Speaking of ingredients, I once again need to speak up for bitters, in this case Peychaud’s. I mistakenly got the idea from something I read somewhere that at least some people made the Jumbo without bitters. And, so, I made versions of this that were completely bitter free and it was, well, a pale experience. Let me tell you folks, while Angostura/aromatic type bitters will do okay in a pinch, it really takes the lighter and more cheerful Peychaud’s to make the Jumbo sing. Also, I found out, just as this was being posted, that some folks go with a bit more whiskey and dry vermouth and a bit less of the sweet vermouth, so if you find these versions too sweet, feel free to try out a drier Jumbo.
Finally, since the holiday is almost upon us, let’s end with a song. Remember, folks, only three drinking days left until even more drinking days.
One singer is gone and the other is still with us and it’s not who anyone would have guessed. Life and death are beyond predictability; we don’t have a choice about that, but that’s also all the more reason to cherish life. On the other hand, that doesn’t mean you have to necessarily overdo it, at least not most of the time.
This probably isn’t the first time, but we’re doing things a bit bass ackward this week. That’s what happens when someone is nice enough to send something for free along with a recipe, and then that recipe turns out to be a very acceptable variation on a classic which we haven’t gotten to here yet. So, we’re doing the variation first. We’ll get to the “real” drink later.
In the case of this week’s drink, my old friends — and I do mean “friends” — at Canadian Club saw fit to send me another of their very nice off-the-beaten track expressions and one I hadn’t tried before, Canadian Club Sherry Cask. It’s pretty much exactly what you’d expect, a slightly more complex variation on their highly underrated original whiskey. It boasts a very nice sherry finish and just enough extra alcohol to be interesting at 82.6 proof, as opposed to the usual 80 proof. It’s actually very drinkable just on the rocks and I’m sure would work nicely in most of your basic cocktails. It was nice — almost too nice and gentle — in an Old Fashioned. I imagine it would make a delicious Manhattan, but I’ll have to try that one out.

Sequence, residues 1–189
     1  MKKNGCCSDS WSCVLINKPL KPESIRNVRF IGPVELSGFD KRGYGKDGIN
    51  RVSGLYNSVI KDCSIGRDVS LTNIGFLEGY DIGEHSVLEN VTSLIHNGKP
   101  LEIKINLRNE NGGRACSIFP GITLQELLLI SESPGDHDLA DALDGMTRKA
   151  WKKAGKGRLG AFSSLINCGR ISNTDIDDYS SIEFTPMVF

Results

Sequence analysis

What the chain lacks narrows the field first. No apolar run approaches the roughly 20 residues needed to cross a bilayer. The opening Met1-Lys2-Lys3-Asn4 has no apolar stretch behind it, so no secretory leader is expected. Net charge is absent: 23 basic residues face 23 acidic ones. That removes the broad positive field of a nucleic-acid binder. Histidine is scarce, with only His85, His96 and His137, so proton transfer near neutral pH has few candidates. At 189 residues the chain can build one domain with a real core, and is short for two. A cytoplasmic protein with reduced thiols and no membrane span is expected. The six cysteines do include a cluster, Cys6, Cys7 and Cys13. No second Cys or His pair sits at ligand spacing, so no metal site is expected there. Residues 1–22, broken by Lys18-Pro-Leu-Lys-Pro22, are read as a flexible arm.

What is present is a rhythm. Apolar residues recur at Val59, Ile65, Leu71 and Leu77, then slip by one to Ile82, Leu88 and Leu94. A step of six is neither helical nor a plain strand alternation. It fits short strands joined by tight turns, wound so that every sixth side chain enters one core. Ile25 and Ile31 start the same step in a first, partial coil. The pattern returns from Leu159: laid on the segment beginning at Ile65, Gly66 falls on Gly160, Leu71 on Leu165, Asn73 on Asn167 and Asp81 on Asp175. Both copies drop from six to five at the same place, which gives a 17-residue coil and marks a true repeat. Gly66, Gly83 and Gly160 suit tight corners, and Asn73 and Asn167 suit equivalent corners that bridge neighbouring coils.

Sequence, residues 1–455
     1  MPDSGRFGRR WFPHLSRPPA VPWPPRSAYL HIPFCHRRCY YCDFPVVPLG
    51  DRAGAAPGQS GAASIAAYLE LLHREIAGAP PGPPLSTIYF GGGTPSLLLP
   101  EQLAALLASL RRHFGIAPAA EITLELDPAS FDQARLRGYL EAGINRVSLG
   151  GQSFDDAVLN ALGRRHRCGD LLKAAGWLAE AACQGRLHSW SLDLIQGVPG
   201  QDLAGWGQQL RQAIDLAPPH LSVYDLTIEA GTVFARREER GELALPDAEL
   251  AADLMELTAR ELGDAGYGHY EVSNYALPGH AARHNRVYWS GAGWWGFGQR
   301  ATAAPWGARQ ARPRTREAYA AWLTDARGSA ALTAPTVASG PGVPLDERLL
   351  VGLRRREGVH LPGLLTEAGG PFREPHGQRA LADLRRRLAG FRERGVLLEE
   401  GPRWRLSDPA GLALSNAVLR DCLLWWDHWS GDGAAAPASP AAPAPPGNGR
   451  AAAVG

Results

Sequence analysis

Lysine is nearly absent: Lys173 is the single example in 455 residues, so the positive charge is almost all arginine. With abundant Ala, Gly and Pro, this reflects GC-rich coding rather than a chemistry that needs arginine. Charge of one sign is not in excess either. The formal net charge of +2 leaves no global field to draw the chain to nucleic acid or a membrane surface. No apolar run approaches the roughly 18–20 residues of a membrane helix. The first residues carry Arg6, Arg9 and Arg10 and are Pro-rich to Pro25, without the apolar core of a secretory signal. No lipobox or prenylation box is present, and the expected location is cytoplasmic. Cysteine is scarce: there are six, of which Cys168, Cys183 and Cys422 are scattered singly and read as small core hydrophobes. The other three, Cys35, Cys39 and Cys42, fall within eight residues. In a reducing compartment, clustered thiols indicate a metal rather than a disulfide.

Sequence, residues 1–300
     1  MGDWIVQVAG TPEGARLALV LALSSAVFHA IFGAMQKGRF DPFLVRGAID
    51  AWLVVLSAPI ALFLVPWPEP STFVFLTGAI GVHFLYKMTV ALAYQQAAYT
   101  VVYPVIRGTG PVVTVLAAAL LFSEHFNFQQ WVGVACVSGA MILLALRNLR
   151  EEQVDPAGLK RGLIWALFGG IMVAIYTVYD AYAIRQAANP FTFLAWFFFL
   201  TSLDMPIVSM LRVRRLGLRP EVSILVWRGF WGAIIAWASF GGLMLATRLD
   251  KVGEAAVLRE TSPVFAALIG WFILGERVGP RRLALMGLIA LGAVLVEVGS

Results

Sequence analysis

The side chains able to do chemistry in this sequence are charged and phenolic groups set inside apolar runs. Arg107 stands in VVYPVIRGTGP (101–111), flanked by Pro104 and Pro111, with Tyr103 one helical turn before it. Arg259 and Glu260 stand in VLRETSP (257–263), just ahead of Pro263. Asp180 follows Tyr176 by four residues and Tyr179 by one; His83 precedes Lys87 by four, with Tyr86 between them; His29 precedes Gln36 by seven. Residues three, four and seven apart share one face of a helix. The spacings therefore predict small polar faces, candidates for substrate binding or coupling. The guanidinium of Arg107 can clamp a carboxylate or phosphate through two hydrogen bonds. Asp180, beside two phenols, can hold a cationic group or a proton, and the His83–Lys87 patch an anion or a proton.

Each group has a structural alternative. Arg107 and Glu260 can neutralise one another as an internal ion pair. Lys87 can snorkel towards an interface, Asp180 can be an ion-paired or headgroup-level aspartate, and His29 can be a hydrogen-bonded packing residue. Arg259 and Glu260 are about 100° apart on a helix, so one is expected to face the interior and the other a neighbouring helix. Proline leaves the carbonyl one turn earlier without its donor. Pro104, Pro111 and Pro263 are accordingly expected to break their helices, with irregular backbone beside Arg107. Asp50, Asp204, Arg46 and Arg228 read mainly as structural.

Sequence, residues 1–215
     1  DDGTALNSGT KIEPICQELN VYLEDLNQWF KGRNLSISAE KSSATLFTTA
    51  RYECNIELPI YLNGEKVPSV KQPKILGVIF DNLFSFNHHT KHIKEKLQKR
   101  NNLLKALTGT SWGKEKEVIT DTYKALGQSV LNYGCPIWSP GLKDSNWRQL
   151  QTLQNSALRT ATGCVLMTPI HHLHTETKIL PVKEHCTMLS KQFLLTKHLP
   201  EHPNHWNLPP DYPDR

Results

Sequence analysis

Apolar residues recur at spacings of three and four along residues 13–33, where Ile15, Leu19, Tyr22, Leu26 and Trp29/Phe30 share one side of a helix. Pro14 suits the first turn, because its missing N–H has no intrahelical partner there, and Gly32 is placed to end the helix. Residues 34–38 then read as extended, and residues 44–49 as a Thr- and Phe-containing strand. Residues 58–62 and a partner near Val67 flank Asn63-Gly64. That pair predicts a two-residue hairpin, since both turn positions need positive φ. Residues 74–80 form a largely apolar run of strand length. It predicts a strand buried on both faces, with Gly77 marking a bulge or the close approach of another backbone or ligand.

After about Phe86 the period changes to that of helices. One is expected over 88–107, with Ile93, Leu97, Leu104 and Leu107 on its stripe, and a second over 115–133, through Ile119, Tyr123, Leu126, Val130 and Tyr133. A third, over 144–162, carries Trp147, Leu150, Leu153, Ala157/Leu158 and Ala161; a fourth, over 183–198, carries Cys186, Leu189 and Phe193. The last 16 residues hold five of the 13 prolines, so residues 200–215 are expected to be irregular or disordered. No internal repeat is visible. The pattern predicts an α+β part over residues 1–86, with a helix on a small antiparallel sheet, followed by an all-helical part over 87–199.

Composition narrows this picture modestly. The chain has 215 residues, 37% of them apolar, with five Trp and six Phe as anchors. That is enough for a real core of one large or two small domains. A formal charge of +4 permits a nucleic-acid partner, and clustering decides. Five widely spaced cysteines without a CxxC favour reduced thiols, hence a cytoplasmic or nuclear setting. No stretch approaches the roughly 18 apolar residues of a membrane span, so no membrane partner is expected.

As for this week’s drink, a traditional Brooklyn is made with rye whiskey, a more peppery flavored relatively distant relative of Canadian whiskey. It also features dry vermouth. This version features sweet vermouth, and the proportions are different as well. It’s safe to say that the Canadian Club Brooklyn is a lot sweeter than the classic. I’m sure a lot of people will prefer it.
The Brooklyn (CC Sherry Cask)
1 ounce Canadian Club Sherry Cask Whiskey (Regular Canadian Club might also work, as might rye — but I can’t vouch for them)
3/4 ounce sweet vermouth
1/4 ounce Torani Amer
1/4 ounce Luxardo maraschino liqueur
Maraschino cherry (garnish)
Combine the whiskey, vermouth, Torani Amer, and maraschino liqueur in a cocktail shaker or similar vessel. If you’re a purist stir; if you’re me, shake. Strain into a chilled cocktail over your preferred cocktail cherry. Contemplate the fact that that, considering the way people are constantly tinkering with drinks, there’s no way I’ll ever run out of drinks to write about.
Now is the time at Drink of the Week when we discuss ingredients and their discontents. For starters, both the classic recipes with dry vermouth and rye and the one I received from Canadian Club contain a little known bittersweet liqueur called Amer Picon.